Narcissism in John Milton’s Paradise Lost

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Narcissism in John Milton’s Paradise Lost

When Eve eats the forbidden fruit of the Tree of Knowledge, her decision to tell Adam of her disobedience turns on two suppositions. If her transgression is kept secret from God, Eve's augmented knowledge might increase Adam's love for her, and perhaps cause her to be more equal or even superior to Adam. Even though Eve was created comparable to Adam as his helper, she refers to Adam as her "Author and Disposer." Furthermore, she says that while God is Adam's law, Adam is her law. Apparently, Eve chafes under this arrangement, as she wraps up her evaluation of not telling Adam of her sin with, "for inferior who is free?" However, her death is assured if God has seen her wrongdoing. In this alternative, God may provide Adam with another woman, rendering Eve extinct. Eve finds unendurable the possibility that Adam will father children with a new Eve. Eve's consideration of either alternative depends on her narcissism and her need to be loved, even worshiped. Milton's Eve, like Narcissus, is infatuated with herself. Created in Adam's image, Eve draws Adam's love, his narcissism projected onto Eve. Inexperienced with women's wiles, uxorious Adam falls.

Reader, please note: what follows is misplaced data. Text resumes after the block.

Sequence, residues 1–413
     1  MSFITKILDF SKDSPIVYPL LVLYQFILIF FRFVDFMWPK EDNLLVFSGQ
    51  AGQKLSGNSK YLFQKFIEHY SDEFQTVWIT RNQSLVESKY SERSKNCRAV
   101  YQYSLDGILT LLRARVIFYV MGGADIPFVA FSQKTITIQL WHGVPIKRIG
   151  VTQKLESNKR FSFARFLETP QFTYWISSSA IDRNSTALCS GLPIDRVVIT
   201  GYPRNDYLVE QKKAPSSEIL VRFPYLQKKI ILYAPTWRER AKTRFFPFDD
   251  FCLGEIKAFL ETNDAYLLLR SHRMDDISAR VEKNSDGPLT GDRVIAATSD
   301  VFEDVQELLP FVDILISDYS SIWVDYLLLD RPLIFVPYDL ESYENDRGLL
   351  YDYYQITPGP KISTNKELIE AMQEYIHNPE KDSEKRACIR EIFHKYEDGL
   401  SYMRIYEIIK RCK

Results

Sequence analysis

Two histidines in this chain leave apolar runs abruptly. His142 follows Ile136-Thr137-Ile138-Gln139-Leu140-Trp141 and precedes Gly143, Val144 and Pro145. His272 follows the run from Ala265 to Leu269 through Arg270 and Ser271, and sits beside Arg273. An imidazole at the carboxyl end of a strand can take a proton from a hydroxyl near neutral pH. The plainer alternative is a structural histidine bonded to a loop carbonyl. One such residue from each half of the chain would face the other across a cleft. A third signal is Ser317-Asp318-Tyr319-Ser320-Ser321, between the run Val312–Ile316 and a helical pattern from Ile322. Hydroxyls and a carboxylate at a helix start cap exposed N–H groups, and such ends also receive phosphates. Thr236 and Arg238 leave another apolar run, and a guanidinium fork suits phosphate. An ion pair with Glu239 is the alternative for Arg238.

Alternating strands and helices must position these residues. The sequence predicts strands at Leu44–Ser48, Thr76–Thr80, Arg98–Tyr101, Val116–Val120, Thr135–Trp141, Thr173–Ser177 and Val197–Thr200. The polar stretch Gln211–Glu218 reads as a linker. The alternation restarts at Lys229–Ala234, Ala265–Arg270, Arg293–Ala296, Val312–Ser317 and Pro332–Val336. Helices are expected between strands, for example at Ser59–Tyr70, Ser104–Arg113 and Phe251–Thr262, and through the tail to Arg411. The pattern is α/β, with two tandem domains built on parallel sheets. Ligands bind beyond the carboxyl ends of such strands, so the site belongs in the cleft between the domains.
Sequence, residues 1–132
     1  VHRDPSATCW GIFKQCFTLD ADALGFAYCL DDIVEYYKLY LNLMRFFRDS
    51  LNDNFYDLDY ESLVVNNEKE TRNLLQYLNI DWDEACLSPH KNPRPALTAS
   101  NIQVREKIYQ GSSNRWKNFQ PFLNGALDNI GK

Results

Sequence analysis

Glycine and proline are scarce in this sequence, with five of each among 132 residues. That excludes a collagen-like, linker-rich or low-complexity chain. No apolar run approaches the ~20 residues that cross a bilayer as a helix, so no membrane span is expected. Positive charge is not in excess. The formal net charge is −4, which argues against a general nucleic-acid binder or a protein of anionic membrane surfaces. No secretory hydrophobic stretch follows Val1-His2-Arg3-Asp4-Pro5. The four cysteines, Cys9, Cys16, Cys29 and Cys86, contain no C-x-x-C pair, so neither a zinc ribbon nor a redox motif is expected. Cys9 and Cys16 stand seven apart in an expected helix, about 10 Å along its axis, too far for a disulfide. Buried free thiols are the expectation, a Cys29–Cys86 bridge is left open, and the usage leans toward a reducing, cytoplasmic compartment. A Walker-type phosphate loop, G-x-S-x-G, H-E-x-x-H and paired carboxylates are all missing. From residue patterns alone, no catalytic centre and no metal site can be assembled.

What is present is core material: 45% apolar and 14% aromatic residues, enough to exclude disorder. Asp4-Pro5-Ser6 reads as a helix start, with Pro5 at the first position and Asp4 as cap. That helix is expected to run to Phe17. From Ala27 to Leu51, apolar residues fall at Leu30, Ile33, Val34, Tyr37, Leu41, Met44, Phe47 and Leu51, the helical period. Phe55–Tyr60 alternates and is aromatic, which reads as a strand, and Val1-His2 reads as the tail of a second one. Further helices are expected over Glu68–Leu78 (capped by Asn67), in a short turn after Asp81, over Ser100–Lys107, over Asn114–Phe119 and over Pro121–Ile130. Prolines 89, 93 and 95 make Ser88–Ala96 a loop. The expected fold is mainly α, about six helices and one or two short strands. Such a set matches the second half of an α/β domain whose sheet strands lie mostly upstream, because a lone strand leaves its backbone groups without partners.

Having created Adam in his own image, the Lord God commanded Adam not to eat of the Tree of Knowledge of good and evil. After the Lord God created Eve from Adam's rib, Milton's Adam warns Eve that the consequence of eating the tree's forbidden fruit will be the knowledge of death. From the Bible and Milton's text, it is apparent that Eve hears directly only from Adam about the forbidden fruit. It is significant that God sends Raphael to "converse with Adam," to warn him of the fall of Satan and his companions, and to alert Adam to the ...

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...rcissism engenders the desire to be worshipped as a Goddess. Wanting deity for both, Eve chooses to induce Adam to eat because she is resolved that Adam shall share her fate. Eve's female charms seduce Adam. He desires Eve more than he loves God, and he eats freely of the fruit. Adam and Eve's ardour, once based on mutual respect, turns to carnal lust. God's Son berates Adam for subjecting himself to Eve's will. Why did Adam obey Eve, who is in no way superior to Adam in reason and other faculties of the mind? Adam has sinned against God; Eve has sinned against God and Adam. Only when Mary of the seed of Adam and Eve conceives the Son of God does God extend his grace to mankind, permitting narcissistic Eve and uxorious Adam's progeny to enter heaven.

Works Cited and Consulted

Milton, John. Paradise Lost. Ed. Merritt Y. Hughes. New York: Odyssey Press, 1962.
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